I’m going to risk a Forrest Gump moment here and say that my momma used to say “You can always find someone worse off than you are, but that doesn’t make you any better.” She also said “If you don’t have anything nice to say, don’t say anything at all.” Good advice. Thanks Mom.


  1. I have a little friend who was hospitalised with anorexia when she was 13. The pressure for perfection from these types of magazines, the mean attitude they have toward others, combined perfectly with my friend's own perfectionist traits so that she obsessed over trying to be the impossible. If she had lived in a world where people valued her ability to play piano, her lovely smile and her smarts, she (and her family) never would have lived through this trauma.

    As a consequence I do no buy these mags. They make me feel sick just looking at them. I truly think they're a symptom of a terrible societal illness.

    LOL...but that's just my humble opinion and it is (through horrific experience) probably biased ;-)

  2. Great blog, well said. The people who sell these mags would sell heroin if it was legal. They are scum who prey on other people's weaknesses and inadequacies.
    But, as you point out, if people didn't buy this crap, then it would disappear. I think it's about being made to feel inadequte by marketing depts and advertising and also to do with self defence - i.e. point the finger at someone else to distract ourselves and everyone else away from the pathetic an unfullfilled lives so many people live (despite everything they own).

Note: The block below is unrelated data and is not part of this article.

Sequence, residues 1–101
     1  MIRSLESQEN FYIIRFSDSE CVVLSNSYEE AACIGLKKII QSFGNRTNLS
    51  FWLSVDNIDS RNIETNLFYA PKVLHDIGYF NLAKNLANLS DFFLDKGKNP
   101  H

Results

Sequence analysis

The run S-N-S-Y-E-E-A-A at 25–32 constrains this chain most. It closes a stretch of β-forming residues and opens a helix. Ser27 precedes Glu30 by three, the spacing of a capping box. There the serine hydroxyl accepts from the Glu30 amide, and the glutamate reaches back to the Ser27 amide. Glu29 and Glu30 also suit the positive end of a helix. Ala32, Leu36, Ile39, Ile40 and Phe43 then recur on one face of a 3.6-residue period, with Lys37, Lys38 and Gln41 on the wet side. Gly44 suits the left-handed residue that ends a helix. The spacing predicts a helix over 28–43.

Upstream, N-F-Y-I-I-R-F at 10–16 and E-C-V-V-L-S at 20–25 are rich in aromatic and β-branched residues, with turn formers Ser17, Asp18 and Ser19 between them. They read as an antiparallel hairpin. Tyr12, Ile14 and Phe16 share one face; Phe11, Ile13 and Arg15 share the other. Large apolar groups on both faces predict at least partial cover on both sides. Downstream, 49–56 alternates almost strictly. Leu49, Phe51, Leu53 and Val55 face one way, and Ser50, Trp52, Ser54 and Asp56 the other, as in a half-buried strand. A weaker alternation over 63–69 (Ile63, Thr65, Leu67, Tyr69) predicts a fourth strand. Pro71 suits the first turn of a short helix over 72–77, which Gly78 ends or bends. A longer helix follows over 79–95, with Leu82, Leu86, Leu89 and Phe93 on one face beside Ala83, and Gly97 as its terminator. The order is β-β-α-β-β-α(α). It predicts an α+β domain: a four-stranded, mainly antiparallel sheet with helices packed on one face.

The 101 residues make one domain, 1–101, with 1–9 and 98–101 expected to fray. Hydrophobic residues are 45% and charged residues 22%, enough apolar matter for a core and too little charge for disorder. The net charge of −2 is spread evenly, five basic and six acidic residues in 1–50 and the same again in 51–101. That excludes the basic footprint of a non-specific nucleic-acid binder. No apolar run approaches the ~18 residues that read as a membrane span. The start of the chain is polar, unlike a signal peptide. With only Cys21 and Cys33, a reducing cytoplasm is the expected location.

People also find it easier to spout 100 bads words than say one good one. We like to think that as adults we are mature and are rational, intelligent beings. Sadly this isn't true, not because we aren't capable of being so, but because we are being distracted into thinking that being skinny or wealthy etc etc are the most important things in life.
    This is a message they've been brainwashing us with for decades. And when you are brought up with that sort of thinking it's hard to see beyond it, let alone challenge it. The nazis did a similar things to children in the 1930s and it's still going on today.
    Western society (the only one I've any real expereince of) doesn't encourage free thinking and it doesn't teach it's children HOW to think - as opposed to WHAT to think. How to think is about discovering things for yourself, analysing information, making judgments and having opinions that are yours. The rest is just brain washing.
    Fortunately, blogs like yours help to open people's minds and provides an alternative point of view: something that's desperately needed in these times.

  3. Love your comment Rebecca! I don't buy those magazines either. I wish more people could see what that kind of pressure is doing to our young people like your friend.

  4. Thanks so much Mick! I couldn't agree more. The messages sent out by the media are doing so much damage, and still people support it. It is its own brand of heroin. Thank you for your amazing comment!